# Maximum dV by dT a RC filter can follow # Circuit Diagram [top] # Analysis [top]

Although this is a very simple and well known circuit some interesting questions here and results here that we derive here is
• What happens when `\$V_i\$` is a ramp rather than a step.
• How does the output voltage behave different ramp slopes Why are those important? If we know how soon the output catches up to a ramp and what is the voltage lag we can determine the RC values that give the desired response to a ramp input encountered so often in circuits.

Let `\$V_i=Mt\$` where M is the ramp slope and t is time so we have:
`\$\$V_i-V_{out}=RC{dV_{out} }/{dt}\$\$`

`\$\$Mt=RC{dV_{out} }/{dt}+V_{out}\$\$`

Solving this differential equation for `\$V_{out}\$` by multiplying with `\$e^{t/{RC}}\$` and integrating we get:
`\$\$V_{out}=Mt-MRC+A_oe^{-t/{RC}}\$\$`

where `\$A_o\$` is the integration constant which can be solved by the initial condition at t=0 `\$V_{out}=0\$`
Thus `\$A_o=MRC\$`
So we have:
`\$\$V_{out}=Mt+MRC(e^{-t/{RC}}-1)\$\$`

So now lets look at `\$V_{out}\$` after certain number of time constants say K i.e. `\$t=KRC\$` so we have:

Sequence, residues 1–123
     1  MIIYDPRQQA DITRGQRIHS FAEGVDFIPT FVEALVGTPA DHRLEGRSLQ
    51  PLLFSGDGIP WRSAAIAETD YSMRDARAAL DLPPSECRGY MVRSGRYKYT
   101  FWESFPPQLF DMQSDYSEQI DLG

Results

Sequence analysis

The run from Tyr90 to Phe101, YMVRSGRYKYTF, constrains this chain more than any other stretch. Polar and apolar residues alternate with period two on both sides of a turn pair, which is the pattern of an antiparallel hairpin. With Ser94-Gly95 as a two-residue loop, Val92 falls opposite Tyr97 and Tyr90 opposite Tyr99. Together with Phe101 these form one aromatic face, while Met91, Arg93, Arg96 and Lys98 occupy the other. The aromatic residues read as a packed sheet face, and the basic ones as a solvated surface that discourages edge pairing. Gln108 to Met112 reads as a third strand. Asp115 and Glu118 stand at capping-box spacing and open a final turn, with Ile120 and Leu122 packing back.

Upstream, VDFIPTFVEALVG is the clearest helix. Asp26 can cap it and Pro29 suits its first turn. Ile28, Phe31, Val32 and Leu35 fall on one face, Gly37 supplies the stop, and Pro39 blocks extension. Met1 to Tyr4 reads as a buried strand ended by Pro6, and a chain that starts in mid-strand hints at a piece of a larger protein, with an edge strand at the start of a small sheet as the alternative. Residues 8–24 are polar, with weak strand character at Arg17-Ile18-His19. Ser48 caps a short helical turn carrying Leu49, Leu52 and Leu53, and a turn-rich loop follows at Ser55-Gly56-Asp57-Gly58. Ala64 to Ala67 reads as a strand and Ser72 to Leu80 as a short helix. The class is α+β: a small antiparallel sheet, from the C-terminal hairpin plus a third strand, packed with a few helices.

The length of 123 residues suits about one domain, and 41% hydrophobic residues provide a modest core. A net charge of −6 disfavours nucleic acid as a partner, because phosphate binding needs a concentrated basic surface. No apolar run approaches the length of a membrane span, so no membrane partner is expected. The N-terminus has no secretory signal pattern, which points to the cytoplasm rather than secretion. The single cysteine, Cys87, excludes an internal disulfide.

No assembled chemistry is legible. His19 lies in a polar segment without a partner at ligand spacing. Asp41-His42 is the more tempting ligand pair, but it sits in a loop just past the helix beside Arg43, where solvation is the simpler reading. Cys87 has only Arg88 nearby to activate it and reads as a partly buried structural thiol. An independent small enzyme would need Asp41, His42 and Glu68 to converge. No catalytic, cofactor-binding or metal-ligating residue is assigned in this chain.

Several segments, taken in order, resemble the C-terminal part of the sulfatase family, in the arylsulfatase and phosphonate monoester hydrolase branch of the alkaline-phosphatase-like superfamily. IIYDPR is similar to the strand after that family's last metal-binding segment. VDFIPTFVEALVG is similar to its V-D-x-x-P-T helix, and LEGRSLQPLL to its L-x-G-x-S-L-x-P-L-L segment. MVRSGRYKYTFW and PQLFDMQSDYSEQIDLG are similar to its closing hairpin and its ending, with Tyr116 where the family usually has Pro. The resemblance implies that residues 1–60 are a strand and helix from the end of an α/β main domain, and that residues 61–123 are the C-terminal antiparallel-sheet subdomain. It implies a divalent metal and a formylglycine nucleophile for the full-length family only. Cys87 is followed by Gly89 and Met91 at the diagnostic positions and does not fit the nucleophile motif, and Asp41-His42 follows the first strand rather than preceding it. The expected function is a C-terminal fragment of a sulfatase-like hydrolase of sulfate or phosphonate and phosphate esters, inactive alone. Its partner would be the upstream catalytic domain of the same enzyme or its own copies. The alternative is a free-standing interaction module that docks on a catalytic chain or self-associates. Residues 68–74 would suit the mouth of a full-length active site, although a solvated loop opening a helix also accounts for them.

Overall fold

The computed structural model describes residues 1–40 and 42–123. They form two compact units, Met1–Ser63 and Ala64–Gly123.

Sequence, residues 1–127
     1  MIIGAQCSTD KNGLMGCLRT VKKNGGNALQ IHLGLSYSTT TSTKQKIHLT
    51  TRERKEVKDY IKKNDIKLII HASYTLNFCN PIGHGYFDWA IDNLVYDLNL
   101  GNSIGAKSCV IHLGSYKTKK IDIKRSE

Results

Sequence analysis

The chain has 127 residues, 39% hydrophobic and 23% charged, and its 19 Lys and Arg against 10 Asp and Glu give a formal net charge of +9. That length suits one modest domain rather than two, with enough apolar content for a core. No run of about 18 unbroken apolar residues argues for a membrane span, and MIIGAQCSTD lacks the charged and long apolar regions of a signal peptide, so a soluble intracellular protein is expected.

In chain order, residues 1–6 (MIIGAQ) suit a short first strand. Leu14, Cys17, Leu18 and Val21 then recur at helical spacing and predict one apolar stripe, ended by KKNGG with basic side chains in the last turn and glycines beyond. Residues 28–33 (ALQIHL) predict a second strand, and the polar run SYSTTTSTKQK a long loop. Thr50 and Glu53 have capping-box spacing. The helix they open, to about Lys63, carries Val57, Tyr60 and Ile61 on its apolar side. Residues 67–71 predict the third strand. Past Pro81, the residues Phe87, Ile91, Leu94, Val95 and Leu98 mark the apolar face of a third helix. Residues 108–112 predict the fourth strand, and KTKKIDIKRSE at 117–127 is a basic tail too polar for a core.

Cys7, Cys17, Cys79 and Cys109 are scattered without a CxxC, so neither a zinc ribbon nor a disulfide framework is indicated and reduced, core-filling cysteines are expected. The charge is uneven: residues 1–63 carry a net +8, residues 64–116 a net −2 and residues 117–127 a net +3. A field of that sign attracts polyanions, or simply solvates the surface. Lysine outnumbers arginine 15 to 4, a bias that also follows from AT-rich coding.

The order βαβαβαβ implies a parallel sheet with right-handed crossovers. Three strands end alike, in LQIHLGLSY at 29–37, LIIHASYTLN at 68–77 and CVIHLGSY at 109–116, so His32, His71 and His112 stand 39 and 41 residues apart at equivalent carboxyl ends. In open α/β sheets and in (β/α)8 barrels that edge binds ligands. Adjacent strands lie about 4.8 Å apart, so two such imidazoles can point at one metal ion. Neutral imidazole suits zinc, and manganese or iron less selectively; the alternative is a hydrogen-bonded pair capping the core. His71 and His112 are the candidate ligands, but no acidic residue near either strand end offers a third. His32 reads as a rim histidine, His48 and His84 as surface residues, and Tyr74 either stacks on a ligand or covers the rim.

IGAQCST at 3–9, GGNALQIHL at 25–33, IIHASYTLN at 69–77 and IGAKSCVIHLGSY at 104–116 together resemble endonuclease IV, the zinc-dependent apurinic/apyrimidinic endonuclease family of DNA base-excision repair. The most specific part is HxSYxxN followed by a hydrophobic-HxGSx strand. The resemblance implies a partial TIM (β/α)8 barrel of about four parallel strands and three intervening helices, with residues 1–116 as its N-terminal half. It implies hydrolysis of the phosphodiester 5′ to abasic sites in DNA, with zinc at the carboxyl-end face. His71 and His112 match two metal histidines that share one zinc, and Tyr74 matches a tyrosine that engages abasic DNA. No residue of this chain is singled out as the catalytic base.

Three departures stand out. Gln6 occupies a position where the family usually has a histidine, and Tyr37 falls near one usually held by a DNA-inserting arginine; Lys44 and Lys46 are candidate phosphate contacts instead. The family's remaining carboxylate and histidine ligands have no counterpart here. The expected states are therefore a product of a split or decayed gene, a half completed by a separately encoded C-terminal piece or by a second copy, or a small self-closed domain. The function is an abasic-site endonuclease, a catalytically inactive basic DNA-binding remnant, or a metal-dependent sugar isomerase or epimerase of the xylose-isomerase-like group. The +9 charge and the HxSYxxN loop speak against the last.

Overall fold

`\$\$V_{out}=MKRC+MRC(e^{-K}-1)\$\$`

Here we can write `\$V_i=MKRC\$` therefore we have:
`\$\$V_i-V_{out}=MRC(1-e^{-K})\$\$`

Therefore the output would start tracking after a couple of time constants and the difference (voltage lag) between the output and the input is approximately MRC.

# Amplitude limited ramp [top]

An amplitude limited ramp is given as
`\$\$\table V_i, = ,Mt , t<t_F; ,=, Mt_F, t≥t_F\$\$`

To make a good ramp follower RC circuit the time `\$t_F≫RC\$` so that it starts following the ramp much before the ramp reaches its limit

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